Calming blue lighting is being trialled in an effort to reduce the soaring number of suicides on Scotland’s rail network.
The number of suspected suicides has doubled in the past six months to 14 compared with seven in the same period last year. Network Rail said this had bucked the trend of numbers falling across Britain.
The novel illumination has been installed at a foot crossing in the St Ninians area of Stirling where there have been deaths.
Network Rail said the increase in suicides in Scotland was “very atypical” and there was no clear explanation. They had involved a range of ages and locations.
As well as the trauma for the families involved, incidents cause significant train disruption which costs more than £60,000 in each case.
LED blue lighting has been found to change a person’s mood, as well as being associated with authority, such as the police and other emergency services.
It can also be unexpected by someone with suicidal thoughts, which is enough to distract them from their plans.
Network Rail is experimenting with the lighting after it proved successful at stations in Japan, leading to a reported four-fifths reduction in suicides.
Several stations in England have switched to blue lighting, and at Gatwick Airport a “blue wash” covers the platforms at night.
Early indications have suggested the move has also reduced anti-social behaviour such as vandalism and littering.
Other measures include the trial deployment of “rail pastors” – a version of the street pastors scheme – at stations in Fife at night to watch out for vulnerable revellers.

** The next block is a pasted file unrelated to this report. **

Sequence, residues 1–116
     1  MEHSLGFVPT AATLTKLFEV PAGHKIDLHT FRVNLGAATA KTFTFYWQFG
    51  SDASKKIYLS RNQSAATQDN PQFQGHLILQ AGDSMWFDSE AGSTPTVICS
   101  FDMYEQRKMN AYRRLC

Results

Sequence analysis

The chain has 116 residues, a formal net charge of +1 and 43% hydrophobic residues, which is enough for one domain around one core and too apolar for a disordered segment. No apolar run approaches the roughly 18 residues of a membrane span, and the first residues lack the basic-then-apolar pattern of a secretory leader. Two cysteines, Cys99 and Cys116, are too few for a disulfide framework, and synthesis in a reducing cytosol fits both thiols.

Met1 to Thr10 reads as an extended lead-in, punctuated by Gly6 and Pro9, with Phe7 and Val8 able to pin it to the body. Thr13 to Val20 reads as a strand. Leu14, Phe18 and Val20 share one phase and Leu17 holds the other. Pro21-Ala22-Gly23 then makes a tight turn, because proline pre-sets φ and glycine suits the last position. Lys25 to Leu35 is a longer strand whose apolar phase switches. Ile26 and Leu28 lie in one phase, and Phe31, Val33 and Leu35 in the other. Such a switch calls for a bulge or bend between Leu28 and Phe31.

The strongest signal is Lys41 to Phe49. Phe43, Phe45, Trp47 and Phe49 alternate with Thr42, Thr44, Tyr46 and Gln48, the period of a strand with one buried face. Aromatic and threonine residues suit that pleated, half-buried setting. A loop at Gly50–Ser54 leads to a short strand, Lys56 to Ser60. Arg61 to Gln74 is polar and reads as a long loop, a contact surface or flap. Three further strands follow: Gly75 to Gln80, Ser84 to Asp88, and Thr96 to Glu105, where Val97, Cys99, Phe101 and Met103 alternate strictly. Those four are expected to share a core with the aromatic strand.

A Network Rail spokesman said: “Any death on the railway is a tragedy which has a real emotional impact on the family and friends of those involved, and on our staff and customers.
“We have put in place a range of initiatives to try to reduce fatalities on the railway. We’re working with Samaritans to help train railway staff in how to identify and approach people exhibiting suicidal behaviour, and we also have posters and signs raising awareness of the Samaritans’ helpline in stations and at level crossings.
“Even something as simple as changing lighting can help alter the environment and influence behaviour.”
Anthony Smith, chief executive of the Transport Focus watchdog, said: “Passengers will welcome any way level crossings can be made safer and help reduce disruption on the railway.”
British Transport Police said there was no pattern to suggest the deaths this year “were anything other than isolated tragic incidents”.
Chief Inspector David Gray said: “Suicide is often the end point of a complex history of risk factors and distressing events. Most people who choose to end their lives do so for complex reasons.
“We do a huge amount of work to prevent people from taking their own lives on the railways and have a dedicated team.”
He said the rail pastors, a joint venture between Network Rail, ScotRail, the Railway Chaplaincy and the Ascension Trust, would be extended to Edinburgh and were then likely to go Scotland-wide.